The Lebanese are enraged. Hundreds of thousands of protestors, over a million in some estimates, have taken to the streets of cities across Lebanon demanding the fall of the sectarian power structure that’s been in place since the end of the country’s devastating civil war. The reason? Well, it started off as a spontaneous reaction to the government’s announce plan to impose a $6 dollar tax on WhatsApp usage, but extended to become a movement through which citizens are expressing their frustration at the rising prices, taxes, and, of course, soaring unemployment – now standing at 25 percent in recent estimates.
The government, however, isn’t the only party on which the burden of job creations falls upon. We’ve heard once and again, the private sector is the real engine of job creation and economic growth. In theory, the private sector should – in any capitalistic country such as Lebanon – be the biggest contributor to job creation. Unlike many countries in the region where ruling elites exert direct influence over whole economic sectors, crowding out the private sector and lowering incentives for foreign investment, the elite’s interference in economy has somewhat been subtler in Lebanon. The country’s unique sectarian, but somewhat democratic, system of governance has enabled powerful political entities to have certain economic sectors under their wings, but how does that impact the economy?
In a new research paper by AUC School of Business researcher and professor Jamal Haidar, joined by Ishac Diwan of the Parisian École Normale Supèrueire, the political dynamic in Lebanon its effects on the business environment is put under the magnifying lens. More specifically, the paper, titled “Political Connections Reduce Job Creation”, examines how firms that have connection to powerful political elites have contributed to the soaring levels of unemployment in the Levantine country.
“In the post-war reconstruction phase of the 1990s, the necessity to consolidate security led to the constitution of a large political coalition which brought political stability at the cost of an extensive system of spoils,” read the paper, citing a 2012 research by prominent social scientist Wouter Leenders. “Three quarters of university students by the Lebanese Center for Policy Studies (LCPS) thought that political connections were important to find jobs, and 20 percent said they had used them,” further elaborated the paper.
Since these political connections don’t demonstrate a direct control of the business environment on part of the elite, how do they negatively impact job creation?
Well, politically connected firms, defined by the research paper as those that have politicians or their associates among their stakeholders, and that hire on the basis of political allegiance, not competence. They tend to be big firms, as opposed to their competition, and they also tend to “over-hire among the constituents of their political patron in exchange for economic privileges.” This practice ends up lowering labor productivity (output per labor) than their competing smaller firms. It also lowers the competitiveness of the sector in which they operate, and makes it less attractive to investors who are not politically connected to enter such sectors.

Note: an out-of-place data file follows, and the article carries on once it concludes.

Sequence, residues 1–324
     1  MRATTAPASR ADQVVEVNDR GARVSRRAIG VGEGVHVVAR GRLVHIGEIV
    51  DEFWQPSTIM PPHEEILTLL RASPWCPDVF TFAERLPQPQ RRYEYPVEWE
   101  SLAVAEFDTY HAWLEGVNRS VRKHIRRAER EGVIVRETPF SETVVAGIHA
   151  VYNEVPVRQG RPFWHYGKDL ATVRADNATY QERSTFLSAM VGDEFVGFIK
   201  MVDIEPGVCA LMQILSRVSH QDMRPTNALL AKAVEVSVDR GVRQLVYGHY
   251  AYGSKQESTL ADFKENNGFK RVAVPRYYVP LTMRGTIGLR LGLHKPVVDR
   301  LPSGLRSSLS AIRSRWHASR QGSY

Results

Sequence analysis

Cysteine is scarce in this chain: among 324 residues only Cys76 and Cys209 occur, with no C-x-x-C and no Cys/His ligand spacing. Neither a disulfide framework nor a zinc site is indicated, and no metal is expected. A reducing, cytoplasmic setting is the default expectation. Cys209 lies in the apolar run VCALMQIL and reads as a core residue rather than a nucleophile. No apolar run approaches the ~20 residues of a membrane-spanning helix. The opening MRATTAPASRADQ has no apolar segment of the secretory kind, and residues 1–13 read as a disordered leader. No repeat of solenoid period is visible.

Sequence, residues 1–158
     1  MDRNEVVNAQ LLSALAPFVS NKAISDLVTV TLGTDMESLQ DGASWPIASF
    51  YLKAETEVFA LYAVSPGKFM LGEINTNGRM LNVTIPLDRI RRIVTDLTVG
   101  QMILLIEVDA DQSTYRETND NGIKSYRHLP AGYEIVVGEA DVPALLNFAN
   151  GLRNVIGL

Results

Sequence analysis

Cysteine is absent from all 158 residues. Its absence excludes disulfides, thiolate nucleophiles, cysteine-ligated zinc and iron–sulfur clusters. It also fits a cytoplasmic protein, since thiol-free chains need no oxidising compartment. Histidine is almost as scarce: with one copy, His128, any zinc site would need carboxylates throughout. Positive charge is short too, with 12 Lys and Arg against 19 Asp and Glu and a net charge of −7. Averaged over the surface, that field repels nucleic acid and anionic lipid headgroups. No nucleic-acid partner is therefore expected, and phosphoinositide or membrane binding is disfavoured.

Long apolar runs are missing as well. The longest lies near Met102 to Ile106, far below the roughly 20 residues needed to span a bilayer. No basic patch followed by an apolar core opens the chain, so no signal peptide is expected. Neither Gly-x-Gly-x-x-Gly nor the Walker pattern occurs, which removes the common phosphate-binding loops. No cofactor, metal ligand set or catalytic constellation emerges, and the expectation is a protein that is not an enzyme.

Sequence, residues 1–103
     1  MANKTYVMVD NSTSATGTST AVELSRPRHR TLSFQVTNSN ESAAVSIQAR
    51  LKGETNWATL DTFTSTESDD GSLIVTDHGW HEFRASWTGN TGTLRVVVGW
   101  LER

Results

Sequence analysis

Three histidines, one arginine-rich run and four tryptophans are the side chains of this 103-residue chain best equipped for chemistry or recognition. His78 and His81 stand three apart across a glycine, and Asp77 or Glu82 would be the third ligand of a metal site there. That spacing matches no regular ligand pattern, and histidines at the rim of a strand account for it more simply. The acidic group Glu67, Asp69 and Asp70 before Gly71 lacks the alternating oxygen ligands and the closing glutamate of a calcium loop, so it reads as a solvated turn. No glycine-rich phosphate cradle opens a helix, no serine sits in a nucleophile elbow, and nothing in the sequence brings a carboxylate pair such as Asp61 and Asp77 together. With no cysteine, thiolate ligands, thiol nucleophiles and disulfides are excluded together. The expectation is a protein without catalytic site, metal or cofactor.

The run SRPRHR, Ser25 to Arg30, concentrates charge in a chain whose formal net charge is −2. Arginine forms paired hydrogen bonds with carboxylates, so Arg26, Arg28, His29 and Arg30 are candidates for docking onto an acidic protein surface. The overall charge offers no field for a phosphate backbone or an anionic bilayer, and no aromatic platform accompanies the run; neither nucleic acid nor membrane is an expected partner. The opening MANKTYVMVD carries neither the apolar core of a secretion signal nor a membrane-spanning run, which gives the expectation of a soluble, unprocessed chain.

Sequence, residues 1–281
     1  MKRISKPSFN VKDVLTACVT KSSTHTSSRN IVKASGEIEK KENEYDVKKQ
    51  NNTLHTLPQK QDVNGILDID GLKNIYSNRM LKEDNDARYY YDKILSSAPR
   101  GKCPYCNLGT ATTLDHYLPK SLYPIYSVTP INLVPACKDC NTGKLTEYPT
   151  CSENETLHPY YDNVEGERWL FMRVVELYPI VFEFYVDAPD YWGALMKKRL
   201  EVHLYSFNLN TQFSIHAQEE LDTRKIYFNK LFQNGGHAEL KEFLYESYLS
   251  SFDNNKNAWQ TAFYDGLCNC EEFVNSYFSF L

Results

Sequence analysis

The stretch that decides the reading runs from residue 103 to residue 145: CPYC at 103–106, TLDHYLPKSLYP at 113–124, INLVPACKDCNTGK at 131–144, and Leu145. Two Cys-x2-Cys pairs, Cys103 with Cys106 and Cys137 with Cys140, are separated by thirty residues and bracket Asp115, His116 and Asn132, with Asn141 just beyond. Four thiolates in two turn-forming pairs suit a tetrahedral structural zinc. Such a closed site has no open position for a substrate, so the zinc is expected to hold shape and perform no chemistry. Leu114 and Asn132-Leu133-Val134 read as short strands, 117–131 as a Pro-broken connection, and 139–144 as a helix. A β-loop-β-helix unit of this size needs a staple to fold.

“Politically connected sectors grow less, create less jobs, have lower output per labor, and pay higher wages than non-politically connected sectors,” explained the paper. “All sectors grew less during the 2009 election year, for example, but politically connected sectors grew less than non-connected ones.” The research paper carries on to estimate that for every politically connected firm in a given sector, 6.8 percent less jobs are created each year on average.
On the other hand, those with no political connections, regardless of their skills or competence, find it to be more of a struggle to land jobs in these sectors, breeding frustration and anger among the youth who are more prone to unemployment. For better or worse, they’ve now taken to the streets to demand the demise of the political elite holding a grip over the country’s affairs. If their demands are realized, could that bring an end to these unfair practices in the job market?
“At a deeper level, a more competitive economic structure would not support the current oligarchic political equilibrium, and would possibly lead to political chaos, unless a different political system was in place for the country.”
In other words, change for the better is possible for the Lebanese economy, however that entails an end to the current regime and system. It is crucial, however, for the Lebanese protestors and political opposition to propose a vision for a new political system to replace the current one, one which could save the country politically and economically. Or, as seen in the aftermath of the Arab spring, the country could fall into chaos or power would simply roll back in the labs of the current political elite – meaning the politicization of the Lebanese economy will continue unchecked.